Prime Minister Tony Blair's personal fund-raiser Lord Levy is to give evidence to an influential MPs' committee looking into allegations of honours for loans, it was announced yesterday.
Also to be questioned by the House of Commons Public Administration Committee are two of the wealthy individuals who lent money to the Labour Party around the time of last year's general election.
Priory Clinics founder Dr Chai Patel and property developer Sir David Garrard were both nominated for peerages shortly after they lent large sums to Labour.
The announcement came as a second cross-party parliamentary committee - the Commons Constitutional Affairs Select Committee - revealed it was launching its own inquiry into the way political parties are funded.
The Public Administration Committee announced last week that it was extending its ongoing inquiry into ethics and standards to cover the question of whether the scrutiny of honours and peerages for political service is working.
It will take evidence from Dr Patel, who lent Labour £1.5 million, and from Sir David, who lent £2.3 million. Their evidence will be given at a hearing in the House of Commons on March 28.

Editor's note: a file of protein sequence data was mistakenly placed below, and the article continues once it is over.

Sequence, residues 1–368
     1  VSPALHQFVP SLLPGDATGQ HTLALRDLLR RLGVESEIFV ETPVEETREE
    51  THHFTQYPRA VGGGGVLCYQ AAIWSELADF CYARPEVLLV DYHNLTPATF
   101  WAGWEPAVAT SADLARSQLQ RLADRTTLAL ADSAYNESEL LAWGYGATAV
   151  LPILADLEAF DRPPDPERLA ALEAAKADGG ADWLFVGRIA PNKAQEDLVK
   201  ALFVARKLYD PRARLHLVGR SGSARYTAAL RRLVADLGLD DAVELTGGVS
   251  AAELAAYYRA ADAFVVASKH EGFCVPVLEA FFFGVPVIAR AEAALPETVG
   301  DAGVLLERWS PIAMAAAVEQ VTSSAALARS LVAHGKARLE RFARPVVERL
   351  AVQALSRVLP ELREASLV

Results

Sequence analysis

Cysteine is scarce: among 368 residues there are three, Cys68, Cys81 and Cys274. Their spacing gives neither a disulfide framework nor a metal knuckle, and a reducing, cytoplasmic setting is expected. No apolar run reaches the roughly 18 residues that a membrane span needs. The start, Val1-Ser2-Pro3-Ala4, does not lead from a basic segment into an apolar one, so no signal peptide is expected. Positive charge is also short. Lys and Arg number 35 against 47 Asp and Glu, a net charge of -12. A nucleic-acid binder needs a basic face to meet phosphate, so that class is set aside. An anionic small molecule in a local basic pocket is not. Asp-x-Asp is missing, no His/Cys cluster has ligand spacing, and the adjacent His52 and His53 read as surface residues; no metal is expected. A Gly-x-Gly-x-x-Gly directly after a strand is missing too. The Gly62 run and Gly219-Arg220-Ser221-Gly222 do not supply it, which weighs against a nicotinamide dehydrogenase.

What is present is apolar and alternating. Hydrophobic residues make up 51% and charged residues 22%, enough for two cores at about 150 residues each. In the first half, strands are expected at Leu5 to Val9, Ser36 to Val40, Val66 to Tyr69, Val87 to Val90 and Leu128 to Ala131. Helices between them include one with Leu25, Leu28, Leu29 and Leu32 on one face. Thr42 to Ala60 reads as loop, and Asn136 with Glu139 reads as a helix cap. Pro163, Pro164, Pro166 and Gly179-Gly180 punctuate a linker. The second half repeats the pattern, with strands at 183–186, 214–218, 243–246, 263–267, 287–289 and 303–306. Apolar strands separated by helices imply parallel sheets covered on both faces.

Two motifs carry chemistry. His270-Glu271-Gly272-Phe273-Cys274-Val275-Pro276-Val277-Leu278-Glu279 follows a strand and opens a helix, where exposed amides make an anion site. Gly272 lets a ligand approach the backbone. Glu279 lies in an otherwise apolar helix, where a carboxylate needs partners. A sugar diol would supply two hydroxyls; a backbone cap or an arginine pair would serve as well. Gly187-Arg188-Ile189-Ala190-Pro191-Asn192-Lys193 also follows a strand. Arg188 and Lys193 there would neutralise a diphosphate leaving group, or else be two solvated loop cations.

Lord Levy will face questions on May 2, and is also expected to give evidence to the Constitutional Affairs Committee.
Dr Patel has said that he offered Labour a large gift last year, but was asked by Lord Levy to convert it into a loan, which does not have to be declared to the Electoral Commission for publication in its regular register of donations to parties.
Chancellor of the Exchequer Gordon Brown committed himself to a thoroughgoing reform of the systems of party funding and nominations for honours in order to reassure the public that everything being done was "above board".
Mr Brown pointedly distanced himself from the secret loans totalling £14 million obtained by Lord Levy in the run-up to last year's General Election.
He said he wanted changes, not only to the rules on party funding, but also on the code of conduct for Ministers and the MPs' Register of Interests.
"A new system has got to be put in place to deal with the problems that have emerged, after what were quite big reforms we put in in 1997, and afterwards to have the declaration of donations and no foreign donations and more transparency," he said.
"We have got to do more and I am committed to putting a new system in place, because people must know that decisions are made that are above board and seen to be above board."
A spokesman said the inquiry launched by Mr Blair last week, under the chairmanship of Sir Hayden Phillips, would seek to resolve all the issues surrounding party funding.
The Constitutional Affairs Select Committee will look at how well the current system is working and the possibility of reform, said committee chairman Alan Beith. An increased element of State funding will be among the options considered.